The road to recovery
Often the road is long, but there is hope and recovery is possible. We spoke to Patrick about his lifelong struggle with addiction and how his treatment with Turning Point helped him get on track.
Patrick* was just 16 when he started taking drugs.
That same year he had left school.
“I couldn’t handle it; it just wasn’t for me and the opportunity came up to do a butchers apprenticeship so I took it.”
He remembers the job being demanding – early starts and long days – with weekends the only chance to catch up on sleep. But at 16 most of Patrick’s friends were still at school, and for them, weekends were about partying. Not wanting to miss out he began taking speed.
Patrick describes his drug use back then as casual, something that he only did on weekends, but that quickly changed. Soon he was using every other day.
“I would take it just so I could get through the week,” he says, and in his industry that wasn’t unusual with many of his work mates also taking speed to cope with the rigours of the job.
By the time Patrick was 22, he was addicted.
“That was the start of an up and down rollercoaster for me, though to be honest, it [my drug taking] didn’t really worry me at that point. I didn’t start thinking about it until I was in my thirties, by that time I was also using ice.”
Like many people with an addiction Patrick kept it quiet from his family and friends. It wasn’t until he was in his late thirties that a family member found out about his drug problem and took him to rehab.
“That first stint in rehab was about a month and I was pretty much locked up. I came out and re-lapsed after about two weeks.”
Patrick continued to try to overcome his addiction in other ways. He undertook a counselling program through an employee support service for people in the construction industry where he ended up working, which did help him to cut back at the time. He also moved interstate in the hope of getting away from it all and starting a new life. Eventually though, the drugs would again find him.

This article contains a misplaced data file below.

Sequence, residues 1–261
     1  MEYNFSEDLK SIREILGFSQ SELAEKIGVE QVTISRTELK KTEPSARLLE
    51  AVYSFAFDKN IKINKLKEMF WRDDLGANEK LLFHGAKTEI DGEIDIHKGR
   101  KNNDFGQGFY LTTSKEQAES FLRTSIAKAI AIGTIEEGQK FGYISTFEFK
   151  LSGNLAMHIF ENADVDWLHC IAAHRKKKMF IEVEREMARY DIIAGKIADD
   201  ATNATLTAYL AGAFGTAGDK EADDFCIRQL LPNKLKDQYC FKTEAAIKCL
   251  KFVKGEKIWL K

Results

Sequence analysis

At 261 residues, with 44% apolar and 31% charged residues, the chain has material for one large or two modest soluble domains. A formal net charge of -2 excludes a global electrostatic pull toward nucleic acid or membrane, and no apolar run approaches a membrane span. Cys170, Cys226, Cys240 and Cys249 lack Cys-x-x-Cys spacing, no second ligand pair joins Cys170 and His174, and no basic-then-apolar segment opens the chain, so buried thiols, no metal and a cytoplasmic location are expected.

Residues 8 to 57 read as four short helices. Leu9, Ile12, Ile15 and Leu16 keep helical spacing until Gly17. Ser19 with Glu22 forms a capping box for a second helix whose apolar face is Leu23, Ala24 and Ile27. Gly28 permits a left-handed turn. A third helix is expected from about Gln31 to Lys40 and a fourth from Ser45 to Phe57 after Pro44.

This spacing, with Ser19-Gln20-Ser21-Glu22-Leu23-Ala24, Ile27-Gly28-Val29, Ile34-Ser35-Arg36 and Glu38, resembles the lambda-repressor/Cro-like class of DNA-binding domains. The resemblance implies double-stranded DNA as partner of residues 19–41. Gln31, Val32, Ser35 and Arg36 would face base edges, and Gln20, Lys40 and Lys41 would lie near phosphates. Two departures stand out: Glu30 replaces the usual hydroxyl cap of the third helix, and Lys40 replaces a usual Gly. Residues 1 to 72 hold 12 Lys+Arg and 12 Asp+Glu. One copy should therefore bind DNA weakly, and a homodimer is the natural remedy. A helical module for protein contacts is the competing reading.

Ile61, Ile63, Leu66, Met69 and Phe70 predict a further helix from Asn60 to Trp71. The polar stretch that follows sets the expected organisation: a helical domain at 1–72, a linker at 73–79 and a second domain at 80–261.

In 2017, Patrick returned to Melbourne. It was at that point he knew he had to stop.
“In my mind I thought, “I’ve got to give this thing up it’s killing me.”
At first, he tried to do it alone not knowing what services were available to support his recovery other than those he had already tried. Then, one night whilst scrolling through social media he came across a Facebook ad recruiting participants for a Turning Point clinical trial. The next day he made a call.
Patrick commenced the trial in February 2019, which included regular contact with Turning Point’s clinical team. Patrick’s participation in the trial helped him reduce his use. Just as the trial was finishing, the opportunity came up for Patrick to participate in a further Turning Point medication trial for methamphetamine dependence.
Despite a couple of relapses, Patrick says his participation in the trials was what really helped him get on track.
“Doing the trials gave me a chance to think about things and start planning for my future. You don’t think about things when you’re on the drugs, he says.”
Aside from the financial cost of his addiction – Patrick estimates he has spent close to 90 percent of his wage over the last 40 years – he acknowledges the toll it has taken on those close to him, admitting it nearly destroyed his family when they first found out.
It’s been a long road to recovery, but Patrick has now been abstinent for three months. He doesn’t know if he had a different mindset this time round, but does know that you have to have a goal, if you don’t have a goal, it’s difficult.
He also says that his participation in the trials ‘hit the spot,’ and even though he has now finished with Turning Point the team regularly check in to make sure he is doing okay.
“The support is always there if I need it. I can call at any time and that’s comforting to know.”
For anyone struggling with addiction, there is a solution here at Turning Point and the many other alcohol and drug services across Australia.
Reaching out and asking for support is just the start - if you aren’t sure where to go you can call the National Alcohol and Other Drug hotline on 1800 250 015 or visit Counselling Online – both services are free, confidential and available 24/7.
* Name has been changed to protect participant’s anonymity.